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Suppose $(S,d)$ is a metric space and $E\subset S$. Prove that $E$ is nowhere dense if and only if $S\setminus \bar{E}$ is dense.

I have yet been able to prove the $\Leftarrow$ part. Suppose $E$ is not nowhere dense, this implies that $\bar{E}^\circ\neq\emptyset$. So, $\exists x\in\bar{E}$ and $\exists\epsilon>0$ such that $B(x,\epsilon)\in\bar{E}$. But this contradicts that $S\setminus \bar{E}$ is dense.

Now the $\Rightarrow$ part. Suppose $S\setminus\bar{E}$ is not dense, which implies that there is an non-empty open set $V$ such that $V\cap S\setminus\bar{E}=\emptyset$. This implies there exist $x\in V$ such that $x\in \bar{E}$, so there exists a sequence $(x_n)_{n \in\mathbb{N}}$ converging to $x$.

How can I proceed from here?

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  • $\begingroup$ In my view, it was bad practice to put this under the "real analysis" tag. This is not real analysis, but rather the other two tags describe the topic accurately. $\endgroup$ – Cloudscape Mar 14 '17 at 15:37
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Indeed, if $S \setminus \overline E$ is not dense, then we find an open $V$ such that $V \cap S \setminus \overline E = \emptyset$. Now $$ V \cap S \setminus \overline E = S \setminus (\overline E \cup (S \setminus V)) $$ and we get $\overline E \cup (S \setminus V) = S$. Thus, $V \subseteq \overline E$.

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Although OP asked about metric spaces, let me answer it in a more general context. For a topological space $X$ and $B\subset X$, one has $$B^\circ=X\setminus \overline{X\setminus B}.$$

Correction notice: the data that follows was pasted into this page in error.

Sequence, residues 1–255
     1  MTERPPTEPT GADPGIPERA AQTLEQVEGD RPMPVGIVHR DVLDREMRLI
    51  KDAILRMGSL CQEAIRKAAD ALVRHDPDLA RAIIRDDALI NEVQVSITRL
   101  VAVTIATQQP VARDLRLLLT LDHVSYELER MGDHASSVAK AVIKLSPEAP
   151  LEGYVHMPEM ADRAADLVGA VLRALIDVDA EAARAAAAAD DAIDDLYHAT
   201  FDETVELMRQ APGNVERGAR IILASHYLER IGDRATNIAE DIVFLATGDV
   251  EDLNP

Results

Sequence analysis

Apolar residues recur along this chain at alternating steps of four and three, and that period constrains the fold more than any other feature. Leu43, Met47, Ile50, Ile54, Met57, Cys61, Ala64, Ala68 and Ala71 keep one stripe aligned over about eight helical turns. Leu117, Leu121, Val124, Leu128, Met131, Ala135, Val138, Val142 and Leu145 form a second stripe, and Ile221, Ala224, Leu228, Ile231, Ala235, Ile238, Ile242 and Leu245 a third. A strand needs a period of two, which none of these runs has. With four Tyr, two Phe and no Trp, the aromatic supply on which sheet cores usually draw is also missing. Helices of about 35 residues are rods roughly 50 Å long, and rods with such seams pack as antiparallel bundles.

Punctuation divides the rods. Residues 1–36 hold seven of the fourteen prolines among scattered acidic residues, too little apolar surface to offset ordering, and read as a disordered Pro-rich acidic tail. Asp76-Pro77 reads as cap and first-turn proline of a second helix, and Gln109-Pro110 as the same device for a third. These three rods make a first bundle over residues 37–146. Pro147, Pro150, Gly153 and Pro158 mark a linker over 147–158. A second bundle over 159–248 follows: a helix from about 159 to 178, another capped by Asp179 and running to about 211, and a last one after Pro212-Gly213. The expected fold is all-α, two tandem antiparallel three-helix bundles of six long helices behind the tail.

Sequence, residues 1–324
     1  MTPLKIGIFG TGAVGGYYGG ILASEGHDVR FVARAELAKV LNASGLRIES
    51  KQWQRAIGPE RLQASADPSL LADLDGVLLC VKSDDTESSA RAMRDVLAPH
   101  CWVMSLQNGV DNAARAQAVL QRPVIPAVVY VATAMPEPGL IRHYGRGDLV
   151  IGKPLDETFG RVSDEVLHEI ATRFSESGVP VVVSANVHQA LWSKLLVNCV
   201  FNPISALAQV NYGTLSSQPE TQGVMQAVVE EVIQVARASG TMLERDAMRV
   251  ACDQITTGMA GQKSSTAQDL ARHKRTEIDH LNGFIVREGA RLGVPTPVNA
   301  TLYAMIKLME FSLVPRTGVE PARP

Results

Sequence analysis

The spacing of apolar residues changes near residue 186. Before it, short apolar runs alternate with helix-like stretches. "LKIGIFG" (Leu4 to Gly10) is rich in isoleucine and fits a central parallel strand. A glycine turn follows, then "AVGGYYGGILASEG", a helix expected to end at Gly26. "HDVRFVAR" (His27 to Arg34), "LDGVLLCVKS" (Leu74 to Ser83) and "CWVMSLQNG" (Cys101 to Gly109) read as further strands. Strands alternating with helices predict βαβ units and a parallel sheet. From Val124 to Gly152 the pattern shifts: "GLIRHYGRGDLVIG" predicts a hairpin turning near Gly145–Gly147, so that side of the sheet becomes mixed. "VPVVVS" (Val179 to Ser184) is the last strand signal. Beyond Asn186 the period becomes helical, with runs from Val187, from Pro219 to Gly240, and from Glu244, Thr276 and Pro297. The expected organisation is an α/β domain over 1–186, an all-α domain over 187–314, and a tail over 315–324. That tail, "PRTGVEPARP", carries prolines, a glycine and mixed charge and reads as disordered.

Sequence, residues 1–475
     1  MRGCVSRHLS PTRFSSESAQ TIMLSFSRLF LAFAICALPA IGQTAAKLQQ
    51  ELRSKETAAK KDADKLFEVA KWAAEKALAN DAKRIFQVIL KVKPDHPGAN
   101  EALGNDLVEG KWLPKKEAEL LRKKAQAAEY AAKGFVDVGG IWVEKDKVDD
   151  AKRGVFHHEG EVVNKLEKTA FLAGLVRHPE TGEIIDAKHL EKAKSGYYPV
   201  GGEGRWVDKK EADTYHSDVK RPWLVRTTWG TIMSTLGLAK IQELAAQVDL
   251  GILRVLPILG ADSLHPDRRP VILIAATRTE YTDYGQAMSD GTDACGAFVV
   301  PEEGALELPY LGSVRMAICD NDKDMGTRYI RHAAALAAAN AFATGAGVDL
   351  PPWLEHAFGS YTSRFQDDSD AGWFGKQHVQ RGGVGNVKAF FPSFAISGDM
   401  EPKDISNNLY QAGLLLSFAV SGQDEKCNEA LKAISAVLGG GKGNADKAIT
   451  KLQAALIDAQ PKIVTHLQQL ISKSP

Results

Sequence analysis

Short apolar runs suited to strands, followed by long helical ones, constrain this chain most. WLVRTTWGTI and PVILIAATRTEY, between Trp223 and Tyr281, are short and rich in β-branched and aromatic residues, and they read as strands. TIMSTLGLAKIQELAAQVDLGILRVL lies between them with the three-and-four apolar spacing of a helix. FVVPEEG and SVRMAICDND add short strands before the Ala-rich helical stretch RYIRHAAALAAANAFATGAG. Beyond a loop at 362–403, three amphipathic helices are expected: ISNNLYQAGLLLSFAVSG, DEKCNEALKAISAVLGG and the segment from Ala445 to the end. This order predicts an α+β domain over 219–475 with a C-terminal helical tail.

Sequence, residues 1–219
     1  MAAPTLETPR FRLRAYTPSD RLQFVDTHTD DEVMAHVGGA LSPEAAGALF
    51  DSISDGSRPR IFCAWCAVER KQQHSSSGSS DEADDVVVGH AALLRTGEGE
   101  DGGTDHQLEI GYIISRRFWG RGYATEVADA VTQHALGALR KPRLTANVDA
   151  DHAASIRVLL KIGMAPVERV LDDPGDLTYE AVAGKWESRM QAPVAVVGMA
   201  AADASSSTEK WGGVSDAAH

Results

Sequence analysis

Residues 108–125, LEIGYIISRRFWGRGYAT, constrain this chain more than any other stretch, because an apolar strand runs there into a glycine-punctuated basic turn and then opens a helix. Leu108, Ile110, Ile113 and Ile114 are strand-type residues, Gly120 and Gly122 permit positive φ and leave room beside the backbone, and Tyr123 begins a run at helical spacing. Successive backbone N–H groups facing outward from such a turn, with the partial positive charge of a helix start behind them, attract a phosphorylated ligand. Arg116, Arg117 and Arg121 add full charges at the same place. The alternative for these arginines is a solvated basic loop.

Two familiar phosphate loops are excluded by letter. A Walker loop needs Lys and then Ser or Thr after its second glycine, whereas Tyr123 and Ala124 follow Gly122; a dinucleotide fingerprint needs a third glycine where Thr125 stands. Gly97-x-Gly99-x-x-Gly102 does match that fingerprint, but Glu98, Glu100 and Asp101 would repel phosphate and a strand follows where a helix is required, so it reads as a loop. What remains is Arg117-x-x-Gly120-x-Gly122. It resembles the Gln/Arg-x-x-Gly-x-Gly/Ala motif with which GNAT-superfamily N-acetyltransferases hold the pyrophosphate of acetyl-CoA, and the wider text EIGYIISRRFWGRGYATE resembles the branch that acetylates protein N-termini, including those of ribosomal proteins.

Indeed, since $B^\circ\subset B$, it follows that $B^\circ\cap X\setminus B=\emptyset$, hence $B^\circ\subset X\setminus \overline{X\setminus B}$. Conversely, if $x\not\in \overline{X\setminus B}$, then there exists an open set $V$ such that $x\in V$ and $V\cap X\setminus B=\emptyset$, hence $x\in V\subset B$, i.e., $x\in B^\circ$.

Now, $E\subset X$ is nowhere dense iff $\overline{E}^\circ =\emptyset$, but $$\overline{E}^\circ=\emptyset\Leftrightarrow X\setminus\overline{X\setminus \overline{E}}=\emptyset\Leftrightarrow \overline{X\setminus \overline{E}}=X,$$ meaning that $X\setminus \overline{E}$ is dense.

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Rational $\mathbb Q$ and irrational $\mathbb R \setminus\mathbb Q$ numbers is a counterexample. I think the proposition should be $A$ is a closed nowhere dense set in $\mathbb R$ if and only if $B$ is an open dense set in $\mathbb R$.

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